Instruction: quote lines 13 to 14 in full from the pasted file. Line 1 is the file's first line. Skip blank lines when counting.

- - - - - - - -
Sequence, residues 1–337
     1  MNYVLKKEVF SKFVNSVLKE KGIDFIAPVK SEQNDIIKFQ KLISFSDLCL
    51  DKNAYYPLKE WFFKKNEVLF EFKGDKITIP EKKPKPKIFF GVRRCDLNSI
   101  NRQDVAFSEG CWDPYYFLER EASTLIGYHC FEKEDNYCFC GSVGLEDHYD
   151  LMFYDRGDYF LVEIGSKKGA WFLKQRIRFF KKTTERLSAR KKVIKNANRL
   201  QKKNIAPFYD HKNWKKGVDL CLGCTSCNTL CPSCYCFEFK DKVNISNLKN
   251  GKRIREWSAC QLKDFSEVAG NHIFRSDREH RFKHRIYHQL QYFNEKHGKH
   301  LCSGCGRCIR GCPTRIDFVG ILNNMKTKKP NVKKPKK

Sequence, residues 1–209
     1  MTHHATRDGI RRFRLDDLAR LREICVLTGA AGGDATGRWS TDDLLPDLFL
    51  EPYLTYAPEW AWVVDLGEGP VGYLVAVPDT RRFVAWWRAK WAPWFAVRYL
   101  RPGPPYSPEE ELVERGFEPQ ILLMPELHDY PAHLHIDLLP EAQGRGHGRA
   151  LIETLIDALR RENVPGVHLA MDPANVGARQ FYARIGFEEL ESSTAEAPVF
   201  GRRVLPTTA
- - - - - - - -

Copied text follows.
   151  LIETLIDALR RENVPGVHLA MDPANVGARQ FYARIGFEEL ESSTAEAPVF
   201  GRRVLPTTA